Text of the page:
Shakespeare’s revenge tragedy Hamlet, composed at the turn of the seventeenth century, is one of the best known and most quoted works of its time. Set in the Kingdom of Denmark, this piece is thematically concerned with the dramatic ideals of confrontation and resolution. Audiences throughout time have been exposed to the underlying themes of confrontation and resolution exercised by the tragic hero Hamlet himself, to reveal the dramatics of self-analysis. As modern audiences we endure this portrayed to the extent of frustration, mirroring the catharsis effect felt by Elizabethan audiences, as Hamlet questions his inner self, confronting his cowardice with divinely purpose on multiple occasions throughout the play. Hamlet questions whether to take action in avenging his father’s death or to commit suicide in his fourth soliloquy, located in the rising action of the dramatic structure of the play, seen particularly in the lines “puzzles the will/ And makes us rather bear those ills we have/ Than fly to others that we know not of?” Here, Shakespeare foreshadows the recurring theme of Hamlet’s inaction towards avenging his father’s death and uses rhetorical questions to aid in his self-analysis.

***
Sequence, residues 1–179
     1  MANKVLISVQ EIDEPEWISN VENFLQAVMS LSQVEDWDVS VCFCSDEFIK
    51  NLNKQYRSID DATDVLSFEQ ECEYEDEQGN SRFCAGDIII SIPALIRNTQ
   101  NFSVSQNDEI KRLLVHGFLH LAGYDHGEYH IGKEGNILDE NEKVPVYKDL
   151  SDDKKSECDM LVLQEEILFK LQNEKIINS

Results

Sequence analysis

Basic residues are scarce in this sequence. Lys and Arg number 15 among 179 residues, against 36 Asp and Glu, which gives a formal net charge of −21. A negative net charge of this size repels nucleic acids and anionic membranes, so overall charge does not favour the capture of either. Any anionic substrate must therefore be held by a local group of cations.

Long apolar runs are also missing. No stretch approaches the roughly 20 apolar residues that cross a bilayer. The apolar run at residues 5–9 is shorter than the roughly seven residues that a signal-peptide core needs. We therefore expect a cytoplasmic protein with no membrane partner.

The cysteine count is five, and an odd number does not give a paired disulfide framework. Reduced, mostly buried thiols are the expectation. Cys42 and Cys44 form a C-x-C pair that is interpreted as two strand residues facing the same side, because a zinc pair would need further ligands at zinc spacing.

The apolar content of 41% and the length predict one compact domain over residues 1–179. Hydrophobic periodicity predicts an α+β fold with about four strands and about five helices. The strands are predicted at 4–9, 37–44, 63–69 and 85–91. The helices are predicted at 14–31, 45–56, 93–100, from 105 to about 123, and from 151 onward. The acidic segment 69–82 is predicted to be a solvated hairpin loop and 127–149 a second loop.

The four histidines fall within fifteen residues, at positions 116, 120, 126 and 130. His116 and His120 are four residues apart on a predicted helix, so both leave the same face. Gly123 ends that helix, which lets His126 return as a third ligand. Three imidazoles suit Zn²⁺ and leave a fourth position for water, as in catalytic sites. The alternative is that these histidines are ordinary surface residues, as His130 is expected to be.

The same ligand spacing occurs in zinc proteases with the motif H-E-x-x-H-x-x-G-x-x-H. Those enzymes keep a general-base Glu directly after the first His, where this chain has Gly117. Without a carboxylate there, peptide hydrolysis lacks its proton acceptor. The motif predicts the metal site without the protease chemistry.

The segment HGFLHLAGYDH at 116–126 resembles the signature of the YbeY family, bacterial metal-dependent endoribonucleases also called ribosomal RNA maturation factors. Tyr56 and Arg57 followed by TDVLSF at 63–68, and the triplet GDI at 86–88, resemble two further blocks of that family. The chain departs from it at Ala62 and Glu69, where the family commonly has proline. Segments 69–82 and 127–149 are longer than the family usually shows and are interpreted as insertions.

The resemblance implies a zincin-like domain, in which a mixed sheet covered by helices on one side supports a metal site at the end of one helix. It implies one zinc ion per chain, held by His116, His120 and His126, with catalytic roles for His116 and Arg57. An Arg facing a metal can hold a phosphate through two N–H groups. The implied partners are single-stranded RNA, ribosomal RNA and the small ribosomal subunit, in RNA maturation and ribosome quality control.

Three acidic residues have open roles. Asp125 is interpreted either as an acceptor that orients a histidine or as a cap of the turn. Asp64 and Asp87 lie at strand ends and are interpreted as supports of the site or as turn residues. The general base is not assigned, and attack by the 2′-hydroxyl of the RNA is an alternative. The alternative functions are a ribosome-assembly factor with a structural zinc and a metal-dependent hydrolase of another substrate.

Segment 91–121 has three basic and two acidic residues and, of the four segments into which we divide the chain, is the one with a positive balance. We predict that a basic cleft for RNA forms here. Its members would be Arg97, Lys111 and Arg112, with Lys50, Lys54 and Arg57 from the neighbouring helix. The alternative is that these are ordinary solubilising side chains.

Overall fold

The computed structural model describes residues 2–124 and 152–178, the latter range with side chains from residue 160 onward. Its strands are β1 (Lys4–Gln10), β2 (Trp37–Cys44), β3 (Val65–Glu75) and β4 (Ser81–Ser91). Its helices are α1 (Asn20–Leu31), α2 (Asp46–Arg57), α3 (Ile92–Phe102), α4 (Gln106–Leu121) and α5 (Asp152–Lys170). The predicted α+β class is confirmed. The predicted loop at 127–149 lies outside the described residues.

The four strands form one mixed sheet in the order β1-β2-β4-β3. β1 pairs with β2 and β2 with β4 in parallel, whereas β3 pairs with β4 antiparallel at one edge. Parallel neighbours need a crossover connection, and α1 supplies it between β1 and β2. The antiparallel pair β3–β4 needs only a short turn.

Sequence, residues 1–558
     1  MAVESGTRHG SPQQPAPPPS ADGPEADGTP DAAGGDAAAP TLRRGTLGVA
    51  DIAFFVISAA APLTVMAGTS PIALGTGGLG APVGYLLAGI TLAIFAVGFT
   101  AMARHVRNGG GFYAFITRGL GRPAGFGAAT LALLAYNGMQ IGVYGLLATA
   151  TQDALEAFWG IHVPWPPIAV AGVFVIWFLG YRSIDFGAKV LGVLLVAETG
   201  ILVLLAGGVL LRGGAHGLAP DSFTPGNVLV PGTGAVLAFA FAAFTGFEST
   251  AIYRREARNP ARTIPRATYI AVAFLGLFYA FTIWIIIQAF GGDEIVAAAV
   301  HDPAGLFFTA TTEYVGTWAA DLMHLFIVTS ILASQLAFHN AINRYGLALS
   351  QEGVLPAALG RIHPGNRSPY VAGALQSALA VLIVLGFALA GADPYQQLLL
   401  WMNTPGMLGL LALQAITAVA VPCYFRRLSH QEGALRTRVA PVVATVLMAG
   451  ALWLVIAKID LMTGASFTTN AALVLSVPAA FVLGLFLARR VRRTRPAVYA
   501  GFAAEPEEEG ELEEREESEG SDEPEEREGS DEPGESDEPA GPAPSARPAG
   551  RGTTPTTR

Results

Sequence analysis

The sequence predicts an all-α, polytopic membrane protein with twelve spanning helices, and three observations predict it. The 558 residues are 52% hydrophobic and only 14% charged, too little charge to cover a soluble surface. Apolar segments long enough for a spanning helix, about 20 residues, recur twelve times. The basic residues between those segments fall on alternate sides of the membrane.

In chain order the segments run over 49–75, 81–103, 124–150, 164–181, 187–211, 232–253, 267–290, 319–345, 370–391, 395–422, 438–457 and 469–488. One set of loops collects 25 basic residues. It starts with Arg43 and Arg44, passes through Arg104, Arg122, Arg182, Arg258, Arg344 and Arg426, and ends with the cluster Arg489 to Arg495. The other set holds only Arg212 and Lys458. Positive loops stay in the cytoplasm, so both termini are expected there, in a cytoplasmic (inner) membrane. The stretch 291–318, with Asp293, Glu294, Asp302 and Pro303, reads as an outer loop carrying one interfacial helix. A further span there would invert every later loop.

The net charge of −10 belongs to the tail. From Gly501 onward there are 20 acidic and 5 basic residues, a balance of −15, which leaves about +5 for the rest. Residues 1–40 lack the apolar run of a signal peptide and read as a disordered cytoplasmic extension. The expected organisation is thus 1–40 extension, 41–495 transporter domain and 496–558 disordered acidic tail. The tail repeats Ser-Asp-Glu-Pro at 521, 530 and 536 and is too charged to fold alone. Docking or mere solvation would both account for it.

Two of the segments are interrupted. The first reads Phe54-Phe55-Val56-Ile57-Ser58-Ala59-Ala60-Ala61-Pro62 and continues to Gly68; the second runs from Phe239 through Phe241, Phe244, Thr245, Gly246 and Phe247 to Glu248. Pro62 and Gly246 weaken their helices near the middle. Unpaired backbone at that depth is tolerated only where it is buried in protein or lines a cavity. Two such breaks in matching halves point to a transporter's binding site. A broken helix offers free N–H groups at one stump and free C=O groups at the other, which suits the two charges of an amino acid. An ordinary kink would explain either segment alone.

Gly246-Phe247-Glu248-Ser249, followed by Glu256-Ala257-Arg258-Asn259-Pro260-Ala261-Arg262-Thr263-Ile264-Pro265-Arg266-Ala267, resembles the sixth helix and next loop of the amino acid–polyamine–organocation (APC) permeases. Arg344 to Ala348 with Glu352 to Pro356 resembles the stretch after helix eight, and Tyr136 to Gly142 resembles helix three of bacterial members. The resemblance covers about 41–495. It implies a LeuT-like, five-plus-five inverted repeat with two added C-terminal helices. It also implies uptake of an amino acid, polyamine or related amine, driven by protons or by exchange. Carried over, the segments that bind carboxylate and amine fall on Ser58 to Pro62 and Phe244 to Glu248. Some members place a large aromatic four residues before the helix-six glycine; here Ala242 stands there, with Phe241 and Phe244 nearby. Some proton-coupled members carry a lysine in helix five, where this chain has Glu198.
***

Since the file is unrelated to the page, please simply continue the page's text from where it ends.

Hamlet- Soliloquy Assignment Hamlet has many emotional soliloquies in Shakespeare’s Hamlet, which include him reflecting on his many life troubles, contemplating suicide, and making plans for revenge. Hamlet’s Act II Scene II soliloquy, which is a lengthy one, is broken down into four main thoughts; the first being how upset Hamlet is over the Player’s ability to get into the role of seeking fictional revenge with no emotional investment in a play, whereas he is a “John-a-dreams” who has made no real plans for revenge. This leads to the second main idea: Hamlet is chastising himself for procrastinating avenging his father’s death. At this point his is mopey and whiney about his lack of drive to accomplish his task. Hamlet increasingly gets angrier and angrier with himself as he keeps talking, and his anger turns to Claudius.